MESA, Ariz. -- The message was simple and succinct: "Here," A's manager Bob Melvin told his pitchers on Wednesday morning, "everybody gets an opportunity."
A whopping 34 pitchers are in A's camp this year -- accounting for roughly half of the 70 players expected in attendance by the time full-squad workouts begin Sunday -- and Melvin and Co. have every reason to keep eyes on each one of the pitchers.
Recent history suggests the A's will call on the majority of them at some point during the season. Last year, a horde of injuries forced the A's to use 27 pitchers, tying the 1915 Philadelphia A's and 1955 Kansas City A's for second most in A's history. The record is 30, set in 2015.
"I don't want anyone to feel left out," Melvin said. "That was part of my message, don't feel like you're going to get lost in the shuffle if you don't make this team. You have to stay ready because depth is awfully important these days, and we reward guys that are pitching well."
Exhibit A: Chris Smith. The right-handed reliever, hardly a blip on the screen as a non-roster pitcher in camp last year, emerged from the Minors to pitch in his first big league game since 2010, making 13 appearances for the A's.
The 35-year-old is back on another Minor League deal, hoping to force his way onto the roster again.
"Not only does he get to the big leagues, it takes him six years to get back," Melvin said. "You talk about perseverance and what he did for us. He started out just as a long guy and ended up pitching some leverage innings at times. The message really was, it's all-inclusive here, and if you perform well, you'll have a chance to pitch for us at the big league level."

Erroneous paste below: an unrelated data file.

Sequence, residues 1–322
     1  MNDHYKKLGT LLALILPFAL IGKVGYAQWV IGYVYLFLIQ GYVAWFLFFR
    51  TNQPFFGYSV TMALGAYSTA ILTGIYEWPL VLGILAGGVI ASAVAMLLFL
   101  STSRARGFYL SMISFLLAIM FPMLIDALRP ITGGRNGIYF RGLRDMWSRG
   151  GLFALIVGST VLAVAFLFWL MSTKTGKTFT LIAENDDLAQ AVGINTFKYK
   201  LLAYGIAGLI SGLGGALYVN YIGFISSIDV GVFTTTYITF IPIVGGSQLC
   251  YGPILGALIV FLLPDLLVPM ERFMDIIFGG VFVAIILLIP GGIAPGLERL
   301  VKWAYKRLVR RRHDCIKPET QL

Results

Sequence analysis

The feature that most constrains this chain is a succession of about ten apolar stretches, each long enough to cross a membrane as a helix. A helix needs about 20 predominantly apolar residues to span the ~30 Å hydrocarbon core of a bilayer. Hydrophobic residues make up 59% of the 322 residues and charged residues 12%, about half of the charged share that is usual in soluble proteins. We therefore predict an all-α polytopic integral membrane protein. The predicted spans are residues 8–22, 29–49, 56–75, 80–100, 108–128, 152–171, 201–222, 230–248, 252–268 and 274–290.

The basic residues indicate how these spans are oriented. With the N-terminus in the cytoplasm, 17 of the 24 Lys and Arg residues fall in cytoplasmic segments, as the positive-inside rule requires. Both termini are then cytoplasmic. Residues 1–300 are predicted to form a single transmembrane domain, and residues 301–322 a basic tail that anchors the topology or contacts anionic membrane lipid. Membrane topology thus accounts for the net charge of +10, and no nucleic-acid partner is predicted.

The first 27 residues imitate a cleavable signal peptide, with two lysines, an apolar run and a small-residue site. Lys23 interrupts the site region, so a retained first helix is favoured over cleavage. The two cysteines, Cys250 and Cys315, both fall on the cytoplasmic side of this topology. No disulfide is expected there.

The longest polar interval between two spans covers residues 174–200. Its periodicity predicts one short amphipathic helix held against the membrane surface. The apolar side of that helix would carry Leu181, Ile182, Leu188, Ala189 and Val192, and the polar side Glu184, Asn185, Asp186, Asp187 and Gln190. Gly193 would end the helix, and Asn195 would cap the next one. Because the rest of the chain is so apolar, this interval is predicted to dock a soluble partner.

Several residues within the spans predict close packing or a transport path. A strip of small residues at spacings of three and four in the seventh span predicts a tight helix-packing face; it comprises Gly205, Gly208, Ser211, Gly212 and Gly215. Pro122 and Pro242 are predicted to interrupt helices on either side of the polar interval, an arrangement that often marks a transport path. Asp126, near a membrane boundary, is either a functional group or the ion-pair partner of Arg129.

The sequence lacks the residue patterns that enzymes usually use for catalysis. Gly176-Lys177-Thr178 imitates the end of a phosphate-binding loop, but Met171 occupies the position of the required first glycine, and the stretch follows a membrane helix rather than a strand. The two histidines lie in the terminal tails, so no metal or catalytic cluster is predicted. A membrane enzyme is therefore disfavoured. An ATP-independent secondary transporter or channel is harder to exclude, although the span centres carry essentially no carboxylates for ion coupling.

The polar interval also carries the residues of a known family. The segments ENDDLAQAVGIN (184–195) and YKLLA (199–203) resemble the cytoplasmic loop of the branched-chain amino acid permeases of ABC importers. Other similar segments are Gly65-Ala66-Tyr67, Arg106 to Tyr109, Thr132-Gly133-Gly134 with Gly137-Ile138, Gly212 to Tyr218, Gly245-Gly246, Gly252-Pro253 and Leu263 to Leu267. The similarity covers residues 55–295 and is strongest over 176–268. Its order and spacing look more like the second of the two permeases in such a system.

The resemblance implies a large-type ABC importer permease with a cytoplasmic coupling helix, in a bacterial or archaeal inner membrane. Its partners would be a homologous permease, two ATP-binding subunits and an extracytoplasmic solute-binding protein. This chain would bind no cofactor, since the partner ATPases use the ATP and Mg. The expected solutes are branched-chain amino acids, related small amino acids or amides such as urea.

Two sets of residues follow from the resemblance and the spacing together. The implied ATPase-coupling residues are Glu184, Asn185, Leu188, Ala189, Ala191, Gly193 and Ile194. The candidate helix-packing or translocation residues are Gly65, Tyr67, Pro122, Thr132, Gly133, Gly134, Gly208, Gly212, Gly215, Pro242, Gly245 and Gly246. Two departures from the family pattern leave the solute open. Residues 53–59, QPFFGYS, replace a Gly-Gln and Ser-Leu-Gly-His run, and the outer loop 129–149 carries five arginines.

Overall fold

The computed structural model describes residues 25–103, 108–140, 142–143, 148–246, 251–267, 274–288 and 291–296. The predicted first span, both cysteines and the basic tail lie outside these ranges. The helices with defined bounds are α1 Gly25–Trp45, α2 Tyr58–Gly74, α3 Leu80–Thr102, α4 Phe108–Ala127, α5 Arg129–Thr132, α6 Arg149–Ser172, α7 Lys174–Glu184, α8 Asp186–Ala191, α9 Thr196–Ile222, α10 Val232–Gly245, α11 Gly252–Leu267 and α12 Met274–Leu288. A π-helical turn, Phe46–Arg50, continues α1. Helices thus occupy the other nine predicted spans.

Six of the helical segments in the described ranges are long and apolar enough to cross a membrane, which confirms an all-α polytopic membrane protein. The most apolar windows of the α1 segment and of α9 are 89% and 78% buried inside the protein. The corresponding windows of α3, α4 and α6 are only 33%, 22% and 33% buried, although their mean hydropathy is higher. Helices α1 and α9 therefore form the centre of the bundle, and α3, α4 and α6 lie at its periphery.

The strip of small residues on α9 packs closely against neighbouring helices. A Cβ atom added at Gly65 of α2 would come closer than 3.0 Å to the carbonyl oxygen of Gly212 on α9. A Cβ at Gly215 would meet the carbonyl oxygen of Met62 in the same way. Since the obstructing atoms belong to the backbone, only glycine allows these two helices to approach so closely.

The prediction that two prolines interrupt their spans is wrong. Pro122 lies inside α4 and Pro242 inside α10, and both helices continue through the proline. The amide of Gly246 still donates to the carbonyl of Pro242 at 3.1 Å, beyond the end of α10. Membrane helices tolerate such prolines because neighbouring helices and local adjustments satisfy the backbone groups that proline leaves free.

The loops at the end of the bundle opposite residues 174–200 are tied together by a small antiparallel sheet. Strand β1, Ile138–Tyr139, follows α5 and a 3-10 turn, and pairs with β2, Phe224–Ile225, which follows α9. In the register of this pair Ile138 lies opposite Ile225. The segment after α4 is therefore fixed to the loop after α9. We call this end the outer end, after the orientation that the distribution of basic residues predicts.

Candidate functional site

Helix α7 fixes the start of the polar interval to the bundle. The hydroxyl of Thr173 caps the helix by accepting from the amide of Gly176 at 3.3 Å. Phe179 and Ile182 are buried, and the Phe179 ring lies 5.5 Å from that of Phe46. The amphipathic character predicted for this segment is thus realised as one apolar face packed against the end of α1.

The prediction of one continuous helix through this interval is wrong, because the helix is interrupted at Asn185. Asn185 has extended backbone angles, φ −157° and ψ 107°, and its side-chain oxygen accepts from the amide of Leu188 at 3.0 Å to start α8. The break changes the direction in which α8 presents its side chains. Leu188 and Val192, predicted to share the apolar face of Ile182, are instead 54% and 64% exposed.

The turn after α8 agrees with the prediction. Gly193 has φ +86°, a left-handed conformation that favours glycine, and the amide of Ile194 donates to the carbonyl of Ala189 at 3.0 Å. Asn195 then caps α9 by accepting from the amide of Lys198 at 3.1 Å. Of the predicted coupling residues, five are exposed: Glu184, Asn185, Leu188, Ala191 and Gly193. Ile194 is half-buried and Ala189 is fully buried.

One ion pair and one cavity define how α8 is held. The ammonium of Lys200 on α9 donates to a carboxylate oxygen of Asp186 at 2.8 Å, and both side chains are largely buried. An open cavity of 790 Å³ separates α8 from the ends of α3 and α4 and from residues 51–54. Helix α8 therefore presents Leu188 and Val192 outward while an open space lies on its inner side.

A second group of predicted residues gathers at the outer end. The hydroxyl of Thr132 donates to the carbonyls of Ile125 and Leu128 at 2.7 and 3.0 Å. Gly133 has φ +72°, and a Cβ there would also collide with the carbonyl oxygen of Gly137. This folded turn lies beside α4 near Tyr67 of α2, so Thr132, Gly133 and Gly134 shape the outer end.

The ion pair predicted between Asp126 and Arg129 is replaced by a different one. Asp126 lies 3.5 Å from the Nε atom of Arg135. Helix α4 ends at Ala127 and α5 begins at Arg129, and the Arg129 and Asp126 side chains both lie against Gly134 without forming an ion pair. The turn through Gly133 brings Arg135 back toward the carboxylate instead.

The A's made a total of 179 player moves in 182 days from Opening Day through the end of the 2016 season, many of them set in motion to patch up a decimated rotation. Fingers are crossed for better health this season, especially when it comes to Sonny Gray, who endured two disabled list stints during a turbulent year.
On Wednesday, Gray was one of several pitchers to set up shop in front of organizational faces and throw a bullpen session as part of the club's first official workout for pitchers and catchers. To his left: Kendall Graveman, who will likely slot behind him; and his right: Sean Manaea, penciled into the No. 3 spot. Jharel Cotton is favored to pitch fourth, while the fifth spot will breed competition amongst a bevy of arms, including right-handers Andrew Triggs, Frankie Montas and Jesse Hahn.
"With the amount of young starters that we have, I'm comfortable with some competition here," Melvin said. "You look at the roster overall and can probably forecast where it's going, but you never know how things go during spring based on injury and any number of things, so I think it's important to have some competition, especially at the back end of the rotation.
"It used to be, you heard about the five starters, and nowadays you're writing about eight or nine deep, because you know that that's going to happen. I was skewed my first year in Seattle when I had five starters the whole year, and that hasn't happened since."
Jane Lee has covered the A's for MLB.com since 2010. Follow her on Twitter @JaneMLB. This story was not subject to the approval of Major League Baseball or its clubs.